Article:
In-Person vs. Remote Counseling
Posted January 29, 2020 | Reviewed by Gary Drevitch
With traffic ever-worsening, people ever busier, and free videoconferencing (Skype, Zoom, Facetime) widely available, the idea of remote counseling has grown in appeal. Yet many practitioners mainly or exclusively do sessions in-person, believing it brings major advantages.
Whether you’re a client or a counselor, perhaps this debate will help you clarify your position:
Pro in-person: Being in-person builds the bond between counselor and client. That helps in effecting change. Often, a client is motivated to change, in part, to please the counselor.
Pro-remote: Yes, in-person sessions yield incremental advantage but a skilled practitioner can build deep rapport by phone and especially on video.
Pro in-person: The effort to come to your office increases commitment, making clients more likely to act on what’s accomplished in the sessions.
Pro-remote: Remote clients’ commitment of money and time is sufficiently motivating. Any improvement in efficacy and commitment is typically dwarfed by the hassles of getting to your office. And what if the client has child-care issues? Or is disabled? Or lives in a rural area, with few if any outstanding or well-suited counselors within driving distance?
Pro in-person: Of course, in such circumstances, the advantages of phone or video sessions may outweigh, but we’re talking about situations in which attending in-person doesn’t impose undue liabilities. Another plus for in-person sessions is that it’s easier, even compared with video sessions, to read people’s non-verbals, from the way they walk into your office to the way they walk out.
Pro-remote: You’re reaching. The sensitive counselor can, even on the phone, let alone on video, discern so much about a client, for example, by close listening to what they say, how they say it, and what gets left unsaid. And then there are the subtleties: For example, noticing changes from baseline in the client's voice’s volume and timbre. The efficacy gain in client outcomes is generally too small to outweigh the hassle of getting to your office and especially to outweigh the advantage of clients having far more choices when not limited to local counselors.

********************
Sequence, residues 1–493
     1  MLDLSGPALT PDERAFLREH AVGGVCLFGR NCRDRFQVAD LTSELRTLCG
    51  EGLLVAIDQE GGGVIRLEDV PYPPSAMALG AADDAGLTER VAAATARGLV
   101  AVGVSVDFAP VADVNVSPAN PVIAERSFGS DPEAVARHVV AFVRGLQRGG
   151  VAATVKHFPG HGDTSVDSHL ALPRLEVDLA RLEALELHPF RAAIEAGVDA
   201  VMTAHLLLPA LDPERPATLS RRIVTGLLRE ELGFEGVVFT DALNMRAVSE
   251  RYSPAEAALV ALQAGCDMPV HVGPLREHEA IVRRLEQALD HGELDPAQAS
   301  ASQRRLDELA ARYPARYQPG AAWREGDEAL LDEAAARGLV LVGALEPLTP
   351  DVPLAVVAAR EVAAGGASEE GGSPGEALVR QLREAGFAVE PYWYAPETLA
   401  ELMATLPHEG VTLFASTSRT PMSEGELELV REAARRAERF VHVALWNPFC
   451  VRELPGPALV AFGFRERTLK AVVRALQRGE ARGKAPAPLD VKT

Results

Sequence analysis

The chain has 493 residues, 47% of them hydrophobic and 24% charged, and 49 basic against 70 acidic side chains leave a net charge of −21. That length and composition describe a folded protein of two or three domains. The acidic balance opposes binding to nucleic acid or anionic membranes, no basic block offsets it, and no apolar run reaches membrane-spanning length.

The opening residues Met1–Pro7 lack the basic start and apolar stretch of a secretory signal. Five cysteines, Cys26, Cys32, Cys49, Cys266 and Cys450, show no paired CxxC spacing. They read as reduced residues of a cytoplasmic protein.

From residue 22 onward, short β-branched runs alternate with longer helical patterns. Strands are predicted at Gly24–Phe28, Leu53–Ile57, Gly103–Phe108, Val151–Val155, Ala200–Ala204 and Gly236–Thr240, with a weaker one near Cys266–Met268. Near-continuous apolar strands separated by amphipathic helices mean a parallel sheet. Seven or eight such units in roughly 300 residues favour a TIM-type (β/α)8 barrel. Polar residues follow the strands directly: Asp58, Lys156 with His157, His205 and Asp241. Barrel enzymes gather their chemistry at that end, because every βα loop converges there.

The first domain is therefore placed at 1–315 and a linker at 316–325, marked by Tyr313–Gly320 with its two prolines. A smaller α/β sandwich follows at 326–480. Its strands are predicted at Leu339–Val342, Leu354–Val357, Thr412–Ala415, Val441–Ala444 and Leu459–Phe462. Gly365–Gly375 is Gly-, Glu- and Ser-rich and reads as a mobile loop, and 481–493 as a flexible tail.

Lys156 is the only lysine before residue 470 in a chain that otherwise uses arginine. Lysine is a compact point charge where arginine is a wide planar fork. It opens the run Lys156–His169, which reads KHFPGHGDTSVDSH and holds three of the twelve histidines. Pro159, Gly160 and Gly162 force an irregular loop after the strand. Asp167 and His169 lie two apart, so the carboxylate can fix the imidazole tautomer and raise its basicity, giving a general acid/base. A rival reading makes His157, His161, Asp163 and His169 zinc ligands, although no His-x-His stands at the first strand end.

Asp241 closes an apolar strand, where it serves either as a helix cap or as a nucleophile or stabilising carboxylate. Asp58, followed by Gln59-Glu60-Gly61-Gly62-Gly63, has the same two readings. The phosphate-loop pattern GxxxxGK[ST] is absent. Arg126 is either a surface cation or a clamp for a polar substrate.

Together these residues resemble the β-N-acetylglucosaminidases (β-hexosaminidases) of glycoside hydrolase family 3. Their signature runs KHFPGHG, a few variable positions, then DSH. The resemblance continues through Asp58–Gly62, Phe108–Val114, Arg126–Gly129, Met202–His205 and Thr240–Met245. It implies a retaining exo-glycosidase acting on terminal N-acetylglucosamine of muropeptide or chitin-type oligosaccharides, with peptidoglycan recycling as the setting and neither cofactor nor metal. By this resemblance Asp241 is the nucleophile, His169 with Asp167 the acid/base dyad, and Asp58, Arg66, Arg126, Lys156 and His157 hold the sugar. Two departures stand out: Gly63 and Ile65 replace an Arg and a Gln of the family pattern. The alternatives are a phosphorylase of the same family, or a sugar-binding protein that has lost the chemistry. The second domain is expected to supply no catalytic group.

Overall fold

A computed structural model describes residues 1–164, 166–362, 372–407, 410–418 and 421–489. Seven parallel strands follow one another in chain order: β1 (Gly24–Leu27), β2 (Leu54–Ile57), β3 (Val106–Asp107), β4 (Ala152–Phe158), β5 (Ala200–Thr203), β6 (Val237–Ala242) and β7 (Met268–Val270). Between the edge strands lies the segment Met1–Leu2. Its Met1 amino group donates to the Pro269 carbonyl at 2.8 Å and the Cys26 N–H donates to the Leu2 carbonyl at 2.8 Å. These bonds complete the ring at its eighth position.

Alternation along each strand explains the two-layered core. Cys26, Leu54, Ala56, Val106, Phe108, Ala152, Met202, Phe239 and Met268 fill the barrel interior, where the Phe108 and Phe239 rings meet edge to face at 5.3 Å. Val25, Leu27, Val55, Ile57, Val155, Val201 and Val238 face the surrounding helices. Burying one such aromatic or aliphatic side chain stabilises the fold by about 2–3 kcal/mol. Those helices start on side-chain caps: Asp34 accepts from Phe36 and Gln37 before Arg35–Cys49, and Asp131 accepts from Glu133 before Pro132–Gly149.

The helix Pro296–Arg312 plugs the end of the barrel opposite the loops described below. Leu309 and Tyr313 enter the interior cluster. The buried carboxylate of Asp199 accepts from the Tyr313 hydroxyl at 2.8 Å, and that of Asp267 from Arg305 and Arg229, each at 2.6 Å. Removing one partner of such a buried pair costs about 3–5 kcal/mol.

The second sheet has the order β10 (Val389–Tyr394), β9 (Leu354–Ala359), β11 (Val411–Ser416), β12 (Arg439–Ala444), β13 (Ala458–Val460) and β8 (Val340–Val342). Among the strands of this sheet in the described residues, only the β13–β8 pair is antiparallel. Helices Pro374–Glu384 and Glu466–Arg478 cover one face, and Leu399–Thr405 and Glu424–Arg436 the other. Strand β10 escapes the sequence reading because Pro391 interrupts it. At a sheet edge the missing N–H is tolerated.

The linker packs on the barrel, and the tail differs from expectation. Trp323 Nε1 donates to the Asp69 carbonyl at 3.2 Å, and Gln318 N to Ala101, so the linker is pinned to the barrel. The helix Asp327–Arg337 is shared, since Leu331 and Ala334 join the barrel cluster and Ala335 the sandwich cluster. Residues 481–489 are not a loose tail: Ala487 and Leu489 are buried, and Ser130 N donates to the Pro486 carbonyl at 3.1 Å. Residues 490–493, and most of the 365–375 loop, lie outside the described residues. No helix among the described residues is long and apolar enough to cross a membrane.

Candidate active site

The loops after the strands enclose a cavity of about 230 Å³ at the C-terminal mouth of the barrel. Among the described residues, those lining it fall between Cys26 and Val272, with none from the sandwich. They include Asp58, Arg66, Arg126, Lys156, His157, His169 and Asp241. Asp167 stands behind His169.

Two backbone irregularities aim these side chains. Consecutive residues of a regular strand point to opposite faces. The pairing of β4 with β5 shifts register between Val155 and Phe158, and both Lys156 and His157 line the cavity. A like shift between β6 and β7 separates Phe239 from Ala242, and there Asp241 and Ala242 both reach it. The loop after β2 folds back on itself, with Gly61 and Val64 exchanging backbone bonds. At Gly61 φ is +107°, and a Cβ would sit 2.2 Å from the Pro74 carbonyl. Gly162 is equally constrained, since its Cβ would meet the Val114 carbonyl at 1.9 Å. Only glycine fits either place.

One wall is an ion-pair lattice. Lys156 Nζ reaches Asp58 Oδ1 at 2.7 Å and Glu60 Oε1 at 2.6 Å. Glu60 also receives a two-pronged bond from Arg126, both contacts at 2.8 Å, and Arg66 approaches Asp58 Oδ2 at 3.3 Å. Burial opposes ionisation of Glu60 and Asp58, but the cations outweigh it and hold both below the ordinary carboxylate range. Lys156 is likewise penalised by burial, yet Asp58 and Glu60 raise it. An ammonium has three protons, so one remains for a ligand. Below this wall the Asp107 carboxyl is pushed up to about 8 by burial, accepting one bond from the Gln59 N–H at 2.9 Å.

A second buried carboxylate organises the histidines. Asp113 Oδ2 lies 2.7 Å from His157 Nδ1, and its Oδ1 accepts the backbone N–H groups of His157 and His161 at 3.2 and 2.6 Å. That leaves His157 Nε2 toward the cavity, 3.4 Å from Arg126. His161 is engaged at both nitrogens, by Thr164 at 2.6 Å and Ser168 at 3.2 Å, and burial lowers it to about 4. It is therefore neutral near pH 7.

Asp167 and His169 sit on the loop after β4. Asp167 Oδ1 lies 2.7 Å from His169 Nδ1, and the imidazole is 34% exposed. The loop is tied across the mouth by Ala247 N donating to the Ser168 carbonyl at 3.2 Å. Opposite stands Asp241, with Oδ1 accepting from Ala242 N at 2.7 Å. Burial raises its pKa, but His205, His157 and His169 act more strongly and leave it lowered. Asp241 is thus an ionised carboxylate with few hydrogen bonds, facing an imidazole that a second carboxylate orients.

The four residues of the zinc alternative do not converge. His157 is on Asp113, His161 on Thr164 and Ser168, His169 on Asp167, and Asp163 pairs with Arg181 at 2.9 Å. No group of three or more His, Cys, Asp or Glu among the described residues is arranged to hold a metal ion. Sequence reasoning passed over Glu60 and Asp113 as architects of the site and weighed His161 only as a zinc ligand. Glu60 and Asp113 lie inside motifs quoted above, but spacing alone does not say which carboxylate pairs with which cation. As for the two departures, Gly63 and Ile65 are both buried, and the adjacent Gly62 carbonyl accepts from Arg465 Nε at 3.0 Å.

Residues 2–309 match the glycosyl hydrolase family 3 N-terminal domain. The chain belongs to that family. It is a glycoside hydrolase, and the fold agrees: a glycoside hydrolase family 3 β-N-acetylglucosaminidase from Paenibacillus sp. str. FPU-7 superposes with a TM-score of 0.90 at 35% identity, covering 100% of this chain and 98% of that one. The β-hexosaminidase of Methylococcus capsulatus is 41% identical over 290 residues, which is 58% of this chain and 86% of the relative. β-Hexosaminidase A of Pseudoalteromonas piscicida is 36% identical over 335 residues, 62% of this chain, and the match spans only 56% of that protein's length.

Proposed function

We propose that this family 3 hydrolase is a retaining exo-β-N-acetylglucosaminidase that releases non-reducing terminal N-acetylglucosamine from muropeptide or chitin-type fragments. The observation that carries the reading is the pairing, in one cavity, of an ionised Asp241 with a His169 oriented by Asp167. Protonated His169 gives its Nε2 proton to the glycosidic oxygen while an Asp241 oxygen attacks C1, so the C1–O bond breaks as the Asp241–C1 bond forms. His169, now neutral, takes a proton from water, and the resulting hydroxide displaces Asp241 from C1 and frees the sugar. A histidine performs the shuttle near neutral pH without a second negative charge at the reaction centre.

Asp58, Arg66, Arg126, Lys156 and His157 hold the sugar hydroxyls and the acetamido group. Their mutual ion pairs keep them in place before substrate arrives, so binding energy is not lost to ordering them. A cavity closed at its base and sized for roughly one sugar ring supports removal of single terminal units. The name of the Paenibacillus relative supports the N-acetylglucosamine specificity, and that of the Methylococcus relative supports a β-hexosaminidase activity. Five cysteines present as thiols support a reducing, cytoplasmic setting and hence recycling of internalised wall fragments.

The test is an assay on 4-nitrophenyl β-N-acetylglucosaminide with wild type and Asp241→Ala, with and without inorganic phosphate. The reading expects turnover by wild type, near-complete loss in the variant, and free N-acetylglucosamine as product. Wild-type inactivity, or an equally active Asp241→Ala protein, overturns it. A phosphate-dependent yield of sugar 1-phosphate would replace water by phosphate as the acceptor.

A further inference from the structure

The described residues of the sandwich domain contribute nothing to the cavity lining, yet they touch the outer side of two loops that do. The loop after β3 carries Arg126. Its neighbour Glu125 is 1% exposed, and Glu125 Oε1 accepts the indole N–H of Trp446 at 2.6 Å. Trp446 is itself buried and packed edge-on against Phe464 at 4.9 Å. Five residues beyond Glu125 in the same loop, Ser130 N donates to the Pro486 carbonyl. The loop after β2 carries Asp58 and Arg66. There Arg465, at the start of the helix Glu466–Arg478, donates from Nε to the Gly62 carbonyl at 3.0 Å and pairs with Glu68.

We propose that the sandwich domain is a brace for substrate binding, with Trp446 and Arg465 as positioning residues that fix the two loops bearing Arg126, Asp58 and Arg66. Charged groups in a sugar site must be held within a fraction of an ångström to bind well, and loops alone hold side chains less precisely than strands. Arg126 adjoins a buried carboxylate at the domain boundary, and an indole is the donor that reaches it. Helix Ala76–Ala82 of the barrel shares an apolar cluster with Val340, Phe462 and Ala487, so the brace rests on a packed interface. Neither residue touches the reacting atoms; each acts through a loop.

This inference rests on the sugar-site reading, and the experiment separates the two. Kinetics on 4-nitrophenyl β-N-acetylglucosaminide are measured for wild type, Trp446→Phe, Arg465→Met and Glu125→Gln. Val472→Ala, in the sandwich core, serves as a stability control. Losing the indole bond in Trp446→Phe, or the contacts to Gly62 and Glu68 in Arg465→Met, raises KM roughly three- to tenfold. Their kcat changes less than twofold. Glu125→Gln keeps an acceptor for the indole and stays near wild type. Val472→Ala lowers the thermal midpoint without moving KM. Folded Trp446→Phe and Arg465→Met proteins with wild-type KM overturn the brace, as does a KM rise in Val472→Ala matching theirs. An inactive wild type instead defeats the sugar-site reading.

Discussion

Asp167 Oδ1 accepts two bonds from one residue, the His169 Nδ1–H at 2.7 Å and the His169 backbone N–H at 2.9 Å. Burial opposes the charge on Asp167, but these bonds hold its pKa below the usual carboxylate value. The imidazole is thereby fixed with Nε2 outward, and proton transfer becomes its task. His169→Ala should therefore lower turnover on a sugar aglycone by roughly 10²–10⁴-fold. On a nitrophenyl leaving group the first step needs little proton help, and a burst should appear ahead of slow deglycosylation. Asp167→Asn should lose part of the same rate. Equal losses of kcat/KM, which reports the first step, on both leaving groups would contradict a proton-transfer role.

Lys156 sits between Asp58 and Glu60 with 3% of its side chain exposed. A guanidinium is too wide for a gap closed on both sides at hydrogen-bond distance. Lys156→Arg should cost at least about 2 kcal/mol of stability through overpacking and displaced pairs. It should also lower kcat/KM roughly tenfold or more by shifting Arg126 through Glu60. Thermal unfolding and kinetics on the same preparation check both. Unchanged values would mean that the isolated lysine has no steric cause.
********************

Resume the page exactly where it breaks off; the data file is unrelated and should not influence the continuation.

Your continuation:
Pro in-person: You’re ignoring other factors that are possible only in-person: For example, I routinely offer clients coffee or tea when they come in. Not only does that start things off on a positive note; I have them keep me company while I’m making it. That enables us to start the session informally, which relaxes them and often yields candor.
Another plus that’s possible only in-person: At the end of sessions, I often give clients a little gift. For example, I might let them choose a bottle of wine from my wine cellar to celebrate a win or as a balm for a setback. Another example: I collect 80-plus-year-old mint U.S. stamps. I often ask my clients to pick out their favorites to use as postage or for decoration. Those small niceties build rapport and client satisfaction.
Pro-remote: You’re forgetting another huge convenience: not having to dress up. With phone sessions, many clients are relieved to be able to be in whatever state of dress. And counselors also appreciate that. I speak from personal experience.
Pro-in-person: Instead of arguing with each other, can we agree on a compromise? Where possible, have at least the first session in-person so you can better build rapport and size each other up? After that, leave it to the client, asking whether s/he prefers the next session to be in-person, by phone, or by video.
Pro-remote: It's hard to argue with a call for flexibility.
I read this aloud on YouTube.
My next article explores the pros and cons of being in private practice.